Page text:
According to TNS Media Intelligence, “the highest growth rate [in measured media ad spending] among the top 10 [advertiser] categories was registered by Pharmaceuticals which jumped 13.8 percent to $5.29 billion. This was due to the strength of Merck’s marketing launch of an HPV vaccine and increased advertising activity at Pfizer and Astrazeneca” (see “TNS Media Intelligence Reports U.S. Advertising Expenditures Increased 4.1 Percent in 2006“).

NOTE: TNS data focuses on “measured” media, which includes network TV, cable TV, Sunday supplements, newspapers, free-standing inserts, radio, and Internet. It does not include search engine marketing, however.

Bucking this trend was Johnson and Johnson, which cut its ad spending by 19.8%!

Advertising Age suggests that J&J shifted $250 million from TV to the Internet — presumably search marketing (TNS says J&J increased measured Internet ad spending by 31% to $32.1 million; that means only $7.6 million of the $250 was shifted to measured — ie, non-search — Internet ad spending):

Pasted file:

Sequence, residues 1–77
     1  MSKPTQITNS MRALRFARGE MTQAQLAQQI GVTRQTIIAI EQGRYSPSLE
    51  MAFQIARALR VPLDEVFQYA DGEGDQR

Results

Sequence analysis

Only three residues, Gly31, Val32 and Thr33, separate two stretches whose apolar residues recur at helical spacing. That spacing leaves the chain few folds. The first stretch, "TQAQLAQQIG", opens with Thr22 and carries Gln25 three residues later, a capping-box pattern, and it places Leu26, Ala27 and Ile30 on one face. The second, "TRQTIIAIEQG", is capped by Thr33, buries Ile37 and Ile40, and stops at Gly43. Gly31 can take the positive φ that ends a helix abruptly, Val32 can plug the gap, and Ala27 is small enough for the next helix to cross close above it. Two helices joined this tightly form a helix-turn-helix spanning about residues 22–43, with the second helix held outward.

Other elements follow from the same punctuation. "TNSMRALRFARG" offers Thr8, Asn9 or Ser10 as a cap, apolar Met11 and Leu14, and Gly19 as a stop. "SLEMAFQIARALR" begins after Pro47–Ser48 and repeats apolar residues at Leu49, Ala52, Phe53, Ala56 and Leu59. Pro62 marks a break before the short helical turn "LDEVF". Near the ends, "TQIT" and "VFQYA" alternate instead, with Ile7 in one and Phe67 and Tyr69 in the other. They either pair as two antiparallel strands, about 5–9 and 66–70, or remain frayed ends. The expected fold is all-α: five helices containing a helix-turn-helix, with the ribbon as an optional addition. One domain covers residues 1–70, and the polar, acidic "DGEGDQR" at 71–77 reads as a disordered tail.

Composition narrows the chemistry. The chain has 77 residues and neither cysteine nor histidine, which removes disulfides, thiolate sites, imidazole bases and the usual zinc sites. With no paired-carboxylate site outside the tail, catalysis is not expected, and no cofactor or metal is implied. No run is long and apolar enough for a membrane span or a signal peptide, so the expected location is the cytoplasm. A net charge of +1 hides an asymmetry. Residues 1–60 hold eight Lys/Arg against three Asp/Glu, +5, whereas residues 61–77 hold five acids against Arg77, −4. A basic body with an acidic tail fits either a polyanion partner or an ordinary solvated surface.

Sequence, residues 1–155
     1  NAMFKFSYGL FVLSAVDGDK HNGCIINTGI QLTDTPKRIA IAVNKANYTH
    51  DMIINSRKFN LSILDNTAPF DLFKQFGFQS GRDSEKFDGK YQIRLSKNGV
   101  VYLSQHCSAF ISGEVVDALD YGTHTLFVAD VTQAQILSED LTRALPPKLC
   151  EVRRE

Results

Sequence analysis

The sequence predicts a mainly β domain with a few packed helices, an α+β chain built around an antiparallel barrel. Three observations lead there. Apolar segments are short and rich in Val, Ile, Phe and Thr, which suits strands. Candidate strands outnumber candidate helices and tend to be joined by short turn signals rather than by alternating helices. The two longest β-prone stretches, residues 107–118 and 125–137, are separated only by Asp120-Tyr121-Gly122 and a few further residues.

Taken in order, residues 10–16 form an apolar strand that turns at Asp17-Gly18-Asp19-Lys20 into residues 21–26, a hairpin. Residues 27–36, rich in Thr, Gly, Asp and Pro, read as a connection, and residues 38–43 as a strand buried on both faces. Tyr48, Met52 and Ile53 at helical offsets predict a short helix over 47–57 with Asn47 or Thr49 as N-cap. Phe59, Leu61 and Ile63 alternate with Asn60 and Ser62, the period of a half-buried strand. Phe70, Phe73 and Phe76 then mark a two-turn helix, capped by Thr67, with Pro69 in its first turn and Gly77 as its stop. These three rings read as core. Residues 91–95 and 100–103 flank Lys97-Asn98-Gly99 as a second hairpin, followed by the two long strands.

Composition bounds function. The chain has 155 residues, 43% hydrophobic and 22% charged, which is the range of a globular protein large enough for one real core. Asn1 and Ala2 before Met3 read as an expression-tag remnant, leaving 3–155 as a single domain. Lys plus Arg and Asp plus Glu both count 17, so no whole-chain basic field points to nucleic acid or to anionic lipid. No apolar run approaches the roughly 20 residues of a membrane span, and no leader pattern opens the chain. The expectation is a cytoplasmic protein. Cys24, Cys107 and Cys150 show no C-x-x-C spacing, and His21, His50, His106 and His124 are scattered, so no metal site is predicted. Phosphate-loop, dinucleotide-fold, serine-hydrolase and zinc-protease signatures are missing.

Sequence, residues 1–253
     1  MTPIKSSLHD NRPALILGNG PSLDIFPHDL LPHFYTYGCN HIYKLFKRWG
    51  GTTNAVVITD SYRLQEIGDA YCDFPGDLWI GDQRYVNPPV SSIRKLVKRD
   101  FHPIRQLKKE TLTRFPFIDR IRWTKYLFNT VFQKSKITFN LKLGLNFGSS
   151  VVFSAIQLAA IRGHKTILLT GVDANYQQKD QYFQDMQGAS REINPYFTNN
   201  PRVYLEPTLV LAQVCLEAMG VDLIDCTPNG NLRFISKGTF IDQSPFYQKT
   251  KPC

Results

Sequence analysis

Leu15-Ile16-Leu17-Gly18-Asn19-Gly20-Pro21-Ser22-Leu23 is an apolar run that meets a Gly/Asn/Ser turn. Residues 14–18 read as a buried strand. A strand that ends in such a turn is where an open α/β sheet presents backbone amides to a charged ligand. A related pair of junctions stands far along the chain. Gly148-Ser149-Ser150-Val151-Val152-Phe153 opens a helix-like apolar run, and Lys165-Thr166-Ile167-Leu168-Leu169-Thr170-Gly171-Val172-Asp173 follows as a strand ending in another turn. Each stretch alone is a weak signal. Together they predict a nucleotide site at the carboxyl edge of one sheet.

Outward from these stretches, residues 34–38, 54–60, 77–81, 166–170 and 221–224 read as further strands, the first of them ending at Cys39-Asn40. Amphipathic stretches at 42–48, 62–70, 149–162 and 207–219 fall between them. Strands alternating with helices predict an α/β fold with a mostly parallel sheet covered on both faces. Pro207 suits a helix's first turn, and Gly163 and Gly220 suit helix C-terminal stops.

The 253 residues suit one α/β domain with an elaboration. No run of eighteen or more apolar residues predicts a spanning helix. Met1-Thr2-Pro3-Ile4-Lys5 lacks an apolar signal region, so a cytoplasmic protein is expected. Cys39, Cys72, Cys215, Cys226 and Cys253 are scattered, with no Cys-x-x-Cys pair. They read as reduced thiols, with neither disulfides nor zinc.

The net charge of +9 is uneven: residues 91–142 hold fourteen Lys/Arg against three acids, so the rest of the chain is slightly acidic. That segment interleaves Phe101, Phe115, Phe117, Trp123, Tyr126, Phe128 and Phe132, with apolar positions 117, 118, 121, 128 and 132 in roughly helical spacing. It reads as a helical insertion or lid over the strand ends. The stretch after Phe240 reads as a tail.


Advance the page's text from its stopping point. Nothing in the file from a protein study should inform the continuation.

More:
“Overall, J&J reported global ad spending fell around 10% to $1.9 billion last year, even as sales rose 6% to $53.2 billion. But J&J’s measured-media spending in the U.S. fell more than twice that fast, suggesting a big chunk of its marketing budget went to unmeasured media, such as search and other direct marketing, rather than away” (see “J&J Jolts ‘Old’ Media With $250 Million Ad Spend Shift“).

We also know that at least one J&J company — Centocor — is proud it has spent less on producing the documentary film Innerstate than on a “full-blown” TV DTC campaign (see upcoming March issue of Pharma Marketing News).

AdAge is lauding J&J as the Elvis of marketing: “Staid Johnson & Johnson is proving to be marketing’s Elvis Presley: While rivals talk up nontraditional marketing without changing measured-media spending habits much, J&J’s adopting the King’s refrain: ‘A little less conversation, a little more action.'”

But who’s to say that J&J hasn’t just pocketed a portion or all of that $250 million it has “shifted”? J&J declined to comment on changes in its media spending for competitive reasons, a spokesman said.

It could be that J&J may be more like Scrooge McDuck than Elvis Presley. What do you think? Please participate in my poll:

Is J&J more like Scrooge McDuck or Elvis?
Scrooge McDuck
A little of both